FBI Director: We're Only Forcing Apple To Undermine Security Because We Chase Down Every Lead
from the bull-and-shit dept
Over the weekend the narrative the FBI has been trying to spread around the legal effort to get Apple to build a system that lets the FBI hack Apple customers began to crumble, as it was revealed that the FBI’s own actions were largely responsible for the fact that the information on Syed Farook’s phone was no longer accessible. That gave more and more weight to the argument that the whole reason that the FBI did this was to set a precedent that judges can force companies to hack their own customers, should the FBI want them to do so. Again, it seems fairly obvious that the FBI chose this case in particular, because basically everyone agrees that Farook and his wife were bad people who murdered a bunch of Farook’s co-workers. That obviously makes the FBI’s case more sympathetic for setting a precedent. But with the shady actions that resulted in the data being locked up, that nice story was starting to slip away.
Apparently the FBI decided to send in the big guns to try to rescue the narrative. FBI Director Jim Comey — the guy who’s been fear mongering the longest about strong encryption — put up a blog post on the surveillance apologist blog Lawfare — in which he insists that this case isn’t about all the things it’s really about:
The San Bernardino litigation isn’t about trying to set a precedent or send any kind of message.
No, he claims, it’s really because the FBI wants to “look the survivors in the eye” and say they followed every lead:
It is about the victims and justice. Fourteen people were slaughtered and many more had their lives and bodies ruined. We owe them a thorough and professional investigation under law. That’s what this is. The American people should expect nothing less from the FBI.
The particular legal issue is actually quite narrow. The relief we seek is limited and its value increasingly obsolete because the technology continues to evolve. We simply want the chance, with a search warrant, to try to guess the terrorist’s passcode without the phone essentially self-destructing and without it taking a decade to guess correctly. That’s it. We don’t want to break anyone’s encryption or set a master key loose on the land. I hope thoughtful people will take the time to understand that. Maybe the phone holds the clue to finding more terrorists. Maybe it doesn?t. But we can’t look the survivors in the eye, or ourselves in the mirror, if we don’t follow this lead.
Of course, if you know anything about the FBI and how it operates, this is guffaw inducing. There are tons of cases where the FBI doesn’t follow every lead possible. In fact, it has a pretty long history of ignoring important leads. And, lately, the FBI’s main focus seems to be on creating its own terrorist plots so it can have its agents play dress up and pretend they took down a terrorist ring. In many of those cases, the FBI failed to chase down tons of leads, and instead entrapped or framed otherwise innocent people. The idea that it suddenly is concerned with chasing down every lead is ludicrous.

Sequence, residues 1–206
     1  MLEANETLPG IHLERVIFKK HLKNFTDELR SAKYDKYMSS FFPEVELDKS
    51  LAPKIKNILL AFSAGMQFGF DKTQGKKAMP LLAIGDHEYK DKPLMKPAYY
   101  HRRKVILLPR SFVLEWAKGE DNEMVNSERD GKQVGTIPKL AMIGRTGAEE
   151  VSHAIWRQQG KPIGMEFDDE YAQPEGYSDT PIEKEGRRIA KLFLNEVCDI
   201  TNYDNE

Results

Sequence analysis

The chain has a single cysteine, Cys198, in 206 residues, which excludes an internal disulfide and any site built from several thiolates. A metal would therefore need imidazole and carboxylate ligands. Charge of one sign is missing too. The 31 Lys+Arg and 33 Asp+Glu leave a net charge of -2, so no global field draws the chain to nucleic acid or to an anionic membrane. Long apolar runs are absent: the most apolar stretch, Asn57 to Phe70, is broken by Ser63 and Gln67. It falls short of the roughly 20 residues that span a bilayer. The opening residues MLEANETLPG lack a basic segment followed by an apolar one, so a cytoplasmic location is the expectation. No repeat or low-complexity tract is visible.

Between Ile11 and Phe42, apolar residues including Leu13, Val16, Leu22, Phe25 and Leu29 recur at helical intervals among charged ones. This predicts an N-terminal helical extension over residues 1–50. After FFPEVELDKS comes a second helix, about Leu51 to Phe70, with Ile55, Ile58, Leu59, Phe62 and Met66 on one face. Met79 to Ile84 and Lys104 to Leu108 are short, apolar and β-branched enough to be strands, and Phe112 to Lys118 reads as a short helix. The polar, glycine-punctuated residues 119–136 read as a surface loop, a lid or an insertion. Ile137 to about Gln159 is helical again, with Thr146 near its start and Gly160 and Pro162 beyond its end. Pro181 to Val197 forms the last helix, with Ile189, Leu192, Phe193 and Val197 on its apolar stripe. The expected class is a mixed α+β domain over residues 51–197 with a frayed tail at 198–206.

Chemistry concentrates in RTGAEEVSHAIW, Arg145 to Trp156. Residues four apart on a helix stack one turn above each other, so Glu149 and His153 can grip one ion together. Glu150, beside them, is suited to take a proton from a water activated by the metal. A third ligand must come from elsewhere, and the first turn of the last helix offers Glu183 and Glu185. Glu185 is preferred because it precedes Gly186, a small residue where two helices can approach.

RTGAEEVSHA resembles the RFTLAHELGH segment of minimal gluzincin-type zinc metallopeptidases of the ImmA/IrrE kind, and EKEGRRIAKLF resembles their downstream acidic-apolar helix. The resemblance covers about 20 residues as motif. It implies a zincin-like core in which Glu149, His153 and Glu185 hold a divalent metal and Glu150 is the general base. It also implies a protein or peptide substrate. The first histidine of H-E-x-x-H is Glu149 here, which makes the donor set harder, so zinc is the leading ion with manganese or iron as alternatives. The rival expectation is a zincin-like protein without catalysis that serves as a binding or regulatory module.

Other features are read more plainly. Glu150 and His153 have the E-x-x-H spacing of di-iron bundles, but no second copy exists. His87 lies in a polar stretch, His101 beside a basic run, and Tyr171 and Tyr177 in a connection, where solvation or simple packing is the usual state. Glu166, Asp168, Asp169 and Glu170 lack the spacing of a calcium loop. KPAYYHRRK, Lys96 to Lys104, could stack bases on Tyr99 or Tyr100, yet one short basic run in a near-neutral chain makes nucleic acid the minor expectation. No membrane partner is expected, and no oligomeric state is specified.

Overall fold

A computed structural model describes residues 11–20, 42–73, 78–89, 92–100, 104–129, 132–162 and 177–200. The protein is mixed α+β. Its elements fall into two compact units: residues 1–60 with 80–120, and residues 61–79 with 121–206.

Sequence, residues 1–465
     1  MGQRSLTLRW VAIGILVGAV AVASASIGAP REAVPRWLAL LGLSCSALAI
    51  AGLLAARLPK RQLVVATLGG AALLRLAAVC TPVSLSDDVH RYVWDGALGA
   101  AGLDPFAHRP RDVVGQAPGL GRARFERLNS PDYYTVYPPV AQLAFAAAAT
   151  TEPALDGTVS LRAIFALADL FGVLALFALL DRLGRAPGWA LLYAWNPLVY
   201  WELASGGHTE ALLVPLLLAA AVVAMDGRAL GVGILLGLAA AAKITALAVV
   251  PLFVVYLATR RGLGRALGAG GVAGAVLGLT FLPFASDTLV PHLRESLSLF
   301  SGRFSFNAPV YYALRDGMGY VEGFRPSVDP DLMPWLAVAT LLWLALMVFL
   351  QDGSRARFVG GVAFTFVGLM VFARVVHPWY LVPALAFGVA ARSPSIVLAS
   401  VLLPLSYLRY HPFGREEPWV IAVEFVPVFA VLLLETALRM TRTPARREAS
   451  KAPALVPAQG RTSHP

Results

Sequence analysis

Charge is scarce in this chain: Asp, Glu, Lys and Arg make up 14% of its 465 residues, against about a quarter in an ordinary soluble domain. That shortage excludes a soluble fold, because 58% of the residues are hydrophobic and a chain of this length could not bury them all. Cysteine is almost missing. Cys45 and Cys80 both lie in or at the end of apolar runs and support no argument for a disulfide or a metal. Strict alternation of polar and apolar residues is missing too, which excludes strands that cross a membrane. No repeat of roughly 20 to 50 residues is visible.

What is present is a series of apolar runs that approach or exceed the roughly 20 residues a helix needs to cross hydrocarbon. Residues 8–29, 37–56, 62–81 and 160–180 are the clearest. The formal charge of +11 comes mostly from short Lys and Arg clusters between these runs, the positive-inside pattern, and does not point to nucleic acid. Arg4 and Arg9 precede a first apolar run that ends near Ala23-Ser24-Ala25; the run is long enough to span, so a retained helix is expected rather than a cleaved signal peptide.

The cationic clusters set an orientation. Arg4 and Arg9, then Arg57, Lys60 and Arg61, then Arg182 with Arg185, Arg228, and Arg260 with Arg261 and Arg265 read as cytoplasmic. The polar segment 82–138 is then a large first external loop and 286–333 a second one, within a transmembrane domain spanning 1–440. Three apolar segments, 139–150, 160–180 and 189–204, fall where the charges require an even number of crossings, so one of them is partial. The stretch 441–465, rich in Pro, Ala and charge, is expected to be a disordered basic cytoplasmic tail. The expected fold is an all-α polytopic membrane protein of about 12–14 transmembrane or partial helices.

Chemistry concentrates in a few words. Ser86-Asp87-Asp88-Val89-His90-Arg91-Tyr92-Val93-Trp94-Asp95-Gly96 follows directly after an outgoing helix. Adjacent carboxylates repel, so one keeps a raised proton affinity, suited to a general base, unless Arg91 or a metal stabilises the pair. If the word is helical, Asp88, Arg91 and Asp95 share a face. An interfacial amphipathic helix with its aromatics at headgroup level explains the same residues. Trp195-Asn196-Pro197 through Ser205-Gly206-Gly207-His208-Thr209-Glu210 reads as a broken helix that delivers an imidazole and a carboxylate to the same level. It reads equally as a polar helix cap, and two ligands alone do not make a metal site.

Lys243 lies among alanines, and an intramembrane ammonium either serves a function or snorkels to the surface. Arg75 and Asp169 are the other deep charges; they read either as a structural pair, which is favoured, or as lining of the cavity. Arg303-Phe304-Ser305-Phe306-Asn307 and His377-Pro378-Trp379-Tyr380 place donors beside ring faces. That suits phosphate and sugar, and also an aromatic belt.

The ex-wife of another deceased victim, meanwhile, said she is concerned that the court might be jeopardizing iPhone users? privacy rights.
Karen Fagan, of Upland, is the ex-wife of Harry ?Hal? Bowman and mother of their two daughters.
?This is a very different thing than asking for data that is Apple?s possession,? Fagan wrote in an email. ?They have complied with all of those requests. This is asking them to build a new piece of technology that could be used to invade the privacy of any iPhone. Furthermore, the FBI is citing an act written in 1789 (instead of new legislative action) to justify their request.
?I know that it is a tempting argument to say that we should allow government access to private information in order to make people feel safe. After all, the argument goes, people who aren?t breaking the law have nothing to hide. While that may be true, American citizens have been granted privacy rights, and this request breaches those rights,? Fagan wrote.
How will Comey look Karen Fagan in the eye and tell her he jeopardized the privacy and safety of millions of Americans just to find out that there’s nothing useful on the guy everyone already knows murdered her husband?
Comey, meanwhile, reverts back to the same talking point he’s been making for months, that he just wants a “public debate” on this:
Reflecting the context of this heart-breaking case, I hope folks will take a deep breath and stop saying the world is ending, but instead use that breath to talk to each other. Although this case is about the innocents attacked in San Bernardino, it does highlight that we have awesome new technology that creates a serious tension between two values we all treasure: privacy and safety. That tension should not be resolved by corporations that sell stuff for a living. It also should not be resolved by the FBI, which investigates for a living. It should be resolved by the American people deciding how we want to govern ourselves in a world we have never seen before. We shouldn’t drift to a place?or be pushed to a place by the loudest voices?because finding the right place, the right balance, will matter to every American for a very long time.
And yet, we’ve had that discussion and the public spoke out by buying and using tools with strong encryption — and by telling Congress they didn’t want a law outlawing strong encryption. So, contrary to Comey’s claims, it is the FBI that’s trying to force the issue by going to court over this particular search warrant.